What do I do if accused of stealing? 1 Answers as of May 24, 2011I am a teacher and babysitter. I recently got a phone call from a Brookline, MA detective saying that I am being accused of stealing an IPad computer from a family I babysit for. The detective said I had to come in immediately for an interview, however I was just evicted from my house so I am not close to Brookline and I do not have transportation to get there. He told me he would give me 5 days to come in or he would bring me straight to court. I did not steal the IPad and he hasn't said he has any evidence suggesting that I did. What are my rights?
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You have under the 5th Amendment the absolute right to remain silent. Almost invariably an experienced criminal defense attorney will advise you in no uncertain terms to exercise that right. Without knowing more, this certainly seems like advice you should heed in your situation. From my experience, typically when the police say to suspects (or "persons of interest") that they wish for them to come to the station under these circumstances, almost invariably it is because, in point of fact, that wish to get more evidence against you than they already have. In other words, often times they will try to either trap you into making some sort of inconsistent statement(s) which will then be used against you at trial as evidence of guilt, and/or to use some other piece of evidence they already have to later suggest at trial that your story makes no sense and thus you are guilty. I cannot stress enough that you must contact and retain an experienced criminal defense attorney and do not speak with anyone, including the police, except for that attorney. Exercise your right to remain silent and to legal counsel throughout.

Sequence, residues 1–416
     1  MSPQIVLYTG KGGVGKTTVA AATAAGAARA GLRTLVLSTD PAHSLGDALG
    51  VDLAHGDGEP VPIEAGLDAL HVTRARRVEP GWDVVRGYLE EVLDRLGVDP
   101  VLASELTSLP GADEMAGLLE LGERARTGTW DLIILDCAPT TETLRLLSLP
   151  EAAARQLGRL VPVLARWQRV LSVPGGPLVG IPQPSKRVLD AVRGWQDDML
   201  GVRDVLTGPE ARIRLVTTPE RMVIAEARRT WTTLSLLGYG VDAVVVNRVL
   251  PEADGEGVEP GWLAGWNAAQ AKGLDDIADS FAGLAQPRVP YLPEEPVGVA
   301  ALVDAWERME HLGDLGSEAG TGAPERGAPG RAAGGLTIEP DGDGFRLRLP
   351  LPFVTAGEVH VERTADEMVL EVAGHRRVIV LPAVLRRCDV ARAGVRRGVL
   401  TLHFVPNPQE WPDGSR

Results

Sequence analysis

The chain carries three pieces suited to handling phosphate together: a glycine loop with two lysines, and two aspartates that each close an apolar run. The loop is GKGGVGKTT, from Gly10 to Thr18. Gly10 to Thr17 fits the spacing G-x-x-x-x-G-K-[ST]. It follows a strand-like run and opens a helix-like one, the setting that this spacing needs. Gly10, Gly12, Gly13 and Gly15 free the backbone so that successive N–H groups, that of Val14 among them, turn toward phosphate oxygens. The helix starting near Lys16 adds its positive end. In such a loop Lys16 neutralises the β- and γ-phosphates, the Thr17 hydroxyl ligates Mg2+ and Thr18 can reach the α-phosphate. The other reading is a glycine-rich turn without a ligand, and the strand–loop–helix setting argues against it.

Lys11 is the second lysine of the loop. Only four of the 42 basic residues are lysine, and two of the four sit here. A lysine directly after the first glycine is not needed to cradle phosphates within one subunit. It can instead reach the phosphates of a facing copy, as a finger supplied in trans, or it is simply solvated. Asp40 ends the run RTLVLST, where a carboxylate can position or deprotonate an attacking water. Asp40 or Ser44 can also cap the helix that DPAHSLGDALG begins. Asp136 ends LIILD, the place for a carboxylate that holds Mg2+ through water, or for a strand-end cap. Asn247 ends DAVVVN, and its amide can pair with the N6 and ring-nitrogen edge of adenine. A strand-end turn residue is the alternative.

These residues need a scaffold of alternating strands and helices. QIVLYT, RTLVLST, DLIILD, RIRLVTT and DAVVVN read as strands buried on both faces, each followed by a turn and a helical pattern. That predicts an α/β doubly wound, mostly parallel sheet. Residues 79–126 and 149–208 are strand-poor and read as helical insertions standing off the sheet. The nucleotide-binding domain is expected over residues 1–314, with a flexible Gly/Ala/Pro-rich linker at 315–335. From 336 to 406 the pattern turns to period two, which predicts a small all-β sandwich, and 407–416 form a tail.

Answer Applies to: Massachusetts